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Home / Latest News / Rhythm king Jools Holland talks about his love for Tom Jones, Wales, and Brains beer

Rhythm king Jools Holland talks about his love for Tom Jones, Wales, and Brains beer

“Where are you, in Cardiff?” asks boogie-woogie piano maestro Jools Holland down the line from the Kent-based set of his Later…. TV show.

Yes, I reply, a dull and overcast Cardiff where spring still hasn’t fully sprung.

“The weather’s rubbish here too if that’s any consolation, but at least you have Brains beer where you are – magical stuff that,” he says. “I bet you can even smell the hops from where you’re sitting.”

The evergreen former Squeeze star then regales me with a long anecdote about how he was introduced to our nation’s favourite foam-topped tipple back in his late teens when he was a member of a band called The Millionaires.

“Pino Palladino, who’s a fabulous bass player from your neck of the woods, joined the group in 1978 and he’d take us to his dad’s restaurant.

“It’s where I got to sample Brains for the first time and it’s a taste I’ve never lost since,” he adds.

And Holland’s links with Wales don’t end with its homebrewed libations either – the musician fell so deeply in love with Sir Clough Williams-Ellis’ Italianate Shangri-La of Portmeirion during an early visit to Gwynedd that he modelled his home recording studio after its Mediterranean architectural majesty.

“Oh, I love it there and thought it one of the wonders of the world – in fact, that whole area is pretty fabulous,” says the 55-year-old.

He’s now planning to take a ride on Aberystwyth’s Cliff Railway – “So rickety it feels like it’s made from match-sticks” – when he and his Rhythm and Blues Orchestra perform at the Aberystwyth Arts Centre next week.

Holland can also boast of long-running relationships with two of this country’s biggest musical exports – Sir Tom Jones and the Stereophonics.

The Cwmaman band have been a staple of his popular BBC Two musical mash-up since their fledgling performance in 1997.

“And they were back on the show again just the other week, some 16 years later,” he says.

“I certainly hope that in some small way being on Later… helped them in their career, but the real reason they’ve got to where they are is really because of Kelly,” he says of lead singer Kelly Jones.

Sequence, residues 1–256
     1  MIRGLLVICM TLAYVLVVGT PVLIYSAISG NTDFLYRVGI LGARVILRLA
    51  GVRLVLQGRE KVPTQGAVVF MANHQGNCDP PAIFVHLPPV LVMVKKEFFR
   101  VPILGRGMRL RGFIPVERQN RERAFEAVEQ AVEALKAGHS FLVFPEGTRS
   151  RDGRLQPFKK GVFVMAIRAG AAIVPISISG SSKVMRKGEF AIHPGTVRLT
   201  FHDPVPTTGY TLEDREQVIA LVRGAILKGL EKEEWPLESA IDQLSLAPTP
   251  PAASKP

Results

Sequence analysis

“That boy could sing anything – Sinatra, blues, whatever. The version they did of The First Time I Ever Saw Your Face (made famous by Roberta Flack in 1972) blew me away. I thought it was the best take on it I’d ever heard.”

Despite the cavalcade of stars he’s rubbed shoulders with during his own eclectic career, the first time Holland saw The Voice of the Valleys’ face up close left him feeling truly starstruck.

“Very much so, but after I’d met him a couple of times I managed to relax a bit,” he admits of Sir Tom.

“Once you get to know him Tom’s actually one of the gentlest, most humble blokes you’ll ever meet, and really funny too.

“In fact, I can recall him telling me about how, in 2004, he’d played a song we’d recorded together to Jerry Lee Lewis, who’s one of my all-time heroes.

“He told me how Jerry Lee had described my playing as ‘so beautiful it could make a steel bow cry’.”

He and Jones regularly keep in touch.

“Whenever Tom’s in the country we’ll meet up and have a bite to eat and a sing-song,” he laughs.

“As it goes, we hooked up just the other night and were at the piano until about four in the morning belting out early Elvis numbers together.

“It wasn’t until after we’d finished and said our goodbyes that it hit me: We should have recorded that, it would’ve made a bloody good little album.”

Holland is now looking forward to returning to Wales as part of his latest tour. Future Welsh dates include the Brecon Jazz Festival and Cardiff Motorpoint Arena.

“We’ve got Roland Gift from Fine Young Cannibals touring with us this time around and his voice is stronger now than ever, and the always great Ruby Turner is along for the ride too,” he says.

“As for the orchestra itself, I think they’re currently numbering about 22, although I tend to lose track as to how many of them there are most days are.”

And he’s equally unsure about his audience demographic.

“We get all sorts coming to see us, a whole mix of ages from 90 to 19,” he explains.

“If you likes blues, ska and roots music then you’re going to enjoy yourself, and that’s all that matters.”

Jools Holland and his Rhythm Blues Orchestra play Aberystwyth Arts Centre on June 7. He also plays the Brecon Jazz Festival on August 11 and Cardiff Motorpoint Arena on December 19

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